English Language Occupational Theorists

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  • Occupational Theorists
    • John Swales (2011) Discourse communities
      • 1) members recognise discourse
      • 2) specific lexis
      • 3) genre's to communicate aims
      • 4) information & feedback
      • 5) mechanisms of communication
      • 6) common goals
    • Janet Holmes (2006) Relationships of Practise
      • "doing genders" in the work place
      • normal should = no marked terms & good work behaviour
    • Hornyak (1994) personal talk
      • shift from work talk to personal talk initiated by highest ranking person
    • Herbert & Straight (1989) compliments
      • compliments on work tend to flow from higher ranking to lower ranking
    • Drew & Heritage (1992) workplace/ institutional talk
      • different to everyday talk
      • turn taking, goal orientated & contains specific lexis
    • Wenger Communities of Practise
      • groups who share passion or concern for what they - learn to do it better - interact regularly
    • Almut Koester Phatic Talk
      • almost as important as getting the job done
      • build interpersonal relations
    • Herring (1992) Workplace emails
      • looked at 5 women & 30 men
      • males messages twice as long & men dominating tone, women personal tone
    • Holmes (1998) male & female managers
      • women = negotiate & ensure agreement
      • men = plough through agendas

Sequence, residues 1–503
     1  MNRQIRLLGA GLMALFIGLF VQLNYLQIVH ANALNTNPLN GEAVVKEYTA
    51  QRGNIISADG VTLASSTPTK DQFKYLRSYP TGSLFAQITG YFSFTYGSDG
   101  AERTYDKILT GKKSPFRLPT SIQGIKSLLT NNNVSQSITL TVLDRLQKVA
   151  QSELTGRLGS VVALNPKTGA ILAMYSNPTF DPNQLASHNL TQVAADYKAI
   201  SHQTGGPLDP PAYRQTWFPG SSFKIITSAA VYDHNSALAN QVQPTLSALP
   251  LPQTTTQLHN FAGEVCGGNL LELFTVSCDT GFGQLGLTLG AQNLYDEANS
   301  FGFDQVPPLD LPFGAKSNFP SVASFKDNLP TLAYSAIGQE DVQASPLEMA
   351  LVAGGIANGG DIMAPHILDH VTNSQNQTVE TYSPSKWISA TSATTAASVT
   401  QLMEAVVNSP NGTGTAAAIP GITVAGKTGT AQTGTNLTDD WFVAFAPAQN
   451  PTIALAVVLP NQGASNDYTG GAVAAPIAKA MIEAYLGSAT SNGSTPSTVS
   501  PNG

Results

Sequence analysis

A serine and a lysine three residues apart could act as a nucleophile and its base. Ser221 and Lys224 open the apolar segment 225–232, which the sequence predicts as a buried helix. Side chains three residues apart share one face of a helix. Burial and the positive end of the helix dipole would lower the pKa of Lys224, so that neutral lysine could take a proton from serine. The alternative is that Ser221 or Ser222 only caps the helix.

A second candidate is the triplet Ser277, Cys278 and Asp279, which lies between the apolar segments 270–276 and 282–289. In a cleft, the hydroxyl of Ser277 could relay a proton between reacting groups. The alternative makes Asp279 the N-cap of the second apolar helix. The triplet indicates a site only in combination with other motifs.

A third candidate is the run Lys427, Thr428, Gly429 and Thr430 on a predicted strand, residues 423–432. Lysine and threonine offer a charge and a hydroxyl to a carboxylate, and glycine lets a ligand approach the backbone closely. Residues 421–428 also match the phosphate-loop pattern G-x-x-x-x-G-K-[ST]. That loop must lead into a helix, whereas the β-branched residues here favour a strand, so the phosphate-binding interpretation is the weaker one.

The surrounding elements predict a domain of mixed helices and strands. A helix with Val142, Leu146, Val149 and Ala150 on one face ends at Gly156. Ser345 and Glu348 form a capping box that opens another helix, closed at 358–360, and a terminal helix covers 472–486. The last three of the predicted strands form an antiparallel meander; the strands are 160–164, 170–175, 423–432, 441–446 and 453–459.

• Holmes & Marra (2002-2005) humour in the workplace
      • women use just as much humour as men
      • controls discourse + subordinates & contests superiors
    • Eakins & Eakins (1976) university meetings
      • men spoke for 11-17 seconds
      • women spoke for 3-10 seconds
    • Edelsky (1981) Faculty Meetings
      • men = took longer turns, did more joking, directing & soliciting responsibilities
      • in free for alls men & women spoke equally
    • Tracey & Einsberg Work place role play
      • women = showed more concern in superior roles
      • men = showed more concern when criticising in subordinate roles
    • Candace West (1984) Powerless language
      • doctor patient conversations
      • doctor usually interrupts patients UNLESS doctor= women + patient = white man, then patient would interrupt doctor
    • Nicola Woods (1989) Powerless language
      • recorded conversations between colleges of different occupational status'
        • even when women were of higher status, men still dominated

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